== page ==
This fact means that the negotiations hold out the possibility of great promise for regional stability and lasting peace. Negotiations between these two nations have the potential to cut the Gordian knot of interlocking interests, to lift the region by its bootstraps out of the morass of conflict and violence, and to pave the way for a comprehensive and just solution to the Arab-Israeli conflict. However, such a high payoff means high stakes. The Syrians cannot simply accept land in exchange for peace: they must first create the possibility of peace between Israel and some of its staunchest adversaries, the champions of the afore-mentioned resistance, in addition to the millions of people who have lent it their moral and material support. Such a maneuver will be enormously complicated, a giant leap of faith executed in slow-motion, in an environment not known to tolerate the careful maintenance of delicate balances of power.

I am hopeful but wary.

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5 Responses to the Article

Alex Says:

Mr. Qifa

Perfect, as usual.

iem Says:

If peaceful settlement is reached within the next 30 years will be a miracle. Hoverer, 3 generations (90 years) after the creation of Israel settlement is a possibility. Sixty years from today, it is a certainty. May Allah gives you long life to witness it.

Shai Says:


What amazing writing. Your wisdom and clarity of analysis come out in ways almost unseen anywhere else. I wish our leaders could understand things as you do. At the very least, they must read your words.

I unfortunately agree with almost everything you said. The challenges to peace indeed seem almost insurmountable. But I hope one of two things are possible: either that Syria will not feel it needs the “approval” of some of our adversaries (as Sami is suggesting in the article you posted), or that HA and Hamas will play along and not try to spoil any agreement that might be in the making. Personally, I think it is in Iran’s best interest not to try to get too much in the way, especially if Syria is about to become America’s newest “buddy” in the region. Iran will need Syria as a bridge to America, even more than it needs its participation in passing weapons on to Hezbollah.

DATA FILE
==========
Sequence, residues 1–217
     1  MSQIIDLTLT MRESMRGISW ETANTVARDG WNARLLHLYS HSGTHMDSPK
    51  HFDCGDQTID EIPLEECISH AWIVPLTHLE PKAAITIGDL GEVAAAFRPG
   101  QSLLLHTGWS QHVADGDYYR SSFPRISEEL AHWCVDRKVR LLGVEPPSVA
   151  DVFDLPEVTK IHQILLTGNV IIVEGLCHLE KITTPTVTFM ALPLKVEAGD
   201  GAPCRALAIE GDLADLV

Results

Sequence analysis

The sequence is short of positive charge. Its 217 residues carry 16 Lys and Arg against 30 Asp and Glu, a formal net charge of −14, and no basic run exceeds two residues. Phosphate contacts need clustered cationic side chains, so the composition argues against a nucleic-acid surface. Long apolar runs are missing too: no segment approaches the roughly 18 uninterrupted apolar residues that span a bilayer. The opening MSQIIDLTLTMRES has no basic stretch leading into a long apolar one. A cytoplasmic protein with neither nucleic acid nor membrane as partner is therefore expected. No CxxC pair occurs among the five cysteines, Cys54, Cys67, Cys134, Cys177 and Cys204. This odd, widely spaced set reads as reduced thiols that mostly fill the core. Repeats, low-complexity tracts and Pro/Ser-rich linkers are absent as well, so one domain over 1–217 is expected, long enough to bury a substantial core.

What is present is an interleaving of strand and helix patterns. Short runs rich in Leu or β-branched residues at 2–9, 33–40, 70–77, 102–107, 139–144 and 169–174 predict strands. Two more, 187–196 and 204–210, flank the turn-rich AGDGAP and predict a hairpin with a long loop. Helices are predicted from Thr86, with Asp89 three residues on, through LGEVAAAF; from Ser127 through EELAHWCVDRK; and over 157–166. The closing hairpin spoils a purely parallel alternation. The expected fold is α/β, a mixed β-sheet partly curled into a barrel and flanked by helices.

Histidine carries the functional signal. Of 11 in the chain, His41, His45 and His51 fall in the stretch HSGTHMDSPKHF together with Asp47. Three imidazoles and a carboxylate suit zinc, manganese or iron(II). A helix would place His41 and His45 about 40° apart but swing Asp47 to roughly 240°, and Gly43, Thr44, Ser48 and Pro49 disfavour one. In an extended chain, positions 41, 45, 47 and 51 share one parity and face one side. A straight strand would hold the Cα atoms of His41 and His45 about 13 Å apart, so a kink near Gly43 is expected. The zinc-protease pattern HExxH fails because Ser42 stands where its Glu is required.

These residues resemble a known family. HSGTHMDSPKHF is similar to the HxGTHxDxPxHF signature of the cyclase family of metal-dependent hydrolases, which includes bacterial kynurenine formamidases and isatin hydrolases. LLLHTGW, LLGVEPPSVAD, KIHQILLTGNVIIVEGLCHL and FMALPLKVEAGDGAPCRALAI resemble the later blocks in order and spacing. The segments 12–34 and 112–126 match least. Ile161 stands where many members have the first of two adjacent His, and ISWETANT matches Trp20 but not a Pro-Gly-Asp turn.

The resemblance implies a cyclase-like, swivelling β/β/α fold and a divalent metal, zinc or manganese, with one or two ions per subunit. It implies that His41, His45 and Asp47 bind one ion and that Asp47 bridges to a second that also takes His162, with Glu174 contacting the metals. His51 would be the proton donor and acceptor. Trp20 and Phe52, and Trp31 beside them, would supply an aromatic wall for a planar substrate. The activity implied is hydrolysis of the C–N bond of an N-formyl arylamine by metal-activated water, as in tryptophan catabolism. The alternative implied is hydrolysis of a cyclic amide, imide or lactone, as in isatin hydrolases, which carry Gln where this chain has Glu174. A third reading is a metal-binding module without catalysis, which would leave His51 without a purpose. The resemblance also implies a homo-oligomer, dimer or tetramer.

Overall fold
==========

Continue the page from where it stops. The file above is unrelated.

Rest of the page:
The coming weeks and months will tell, but I have a suspicion that Syria has thought much of this through, and that Bashar is not planning to play anyone’s puppet here (not Iran, not the U.S.’s, and not Israel’s). If it is in Syria’s best interests, it will politely inform (not ask) her religious allies that the time has come for her to withdraw from the armed resistance, but to remain in the diplomatic one. Syria will continue to support all her allies, but in purely political and diplomatic fashion, not militarily. I would not be surprised if messages of this sort have gone across to those that “need to hear” in Israel, already months ago (if not longer).

But I definitely agree, the process ahead is far more difficult than it is easy. The path is full of “land mines” (also literally), and spoilers (at home and abroad, for both sides), and lots of ups and downs. We will need to be creative, dedicated, courageous, and patient. And we will need to always remind ourselves of the ultimate goal. In’shalla, if leaders on both sides listen to people like you, the risks of failure will be substantially minimized, and peace may indeed come to our region.

Thank you for the wonderful essay.

Qifa Nabki Says:


Many thanks for your kind words.

It is hard to know how this will play out. Bashar is an unknown quantity; I have to admit that I am realizing, day by day, that there is more to him than meets the eye. Maybe he really is, after all, some kind of tactical wunderkind…

Or maybe the talks will collapse, as they have in the past, for any of the million reasons that seem to ambush most of the diplomatic initiatives in our region.

Fingers crossed…

Chris Says:


Very eloquent writing. I am curious, what kinds of concessions would Syria likely make in any peace negotiation with Israel over the Golan Heights?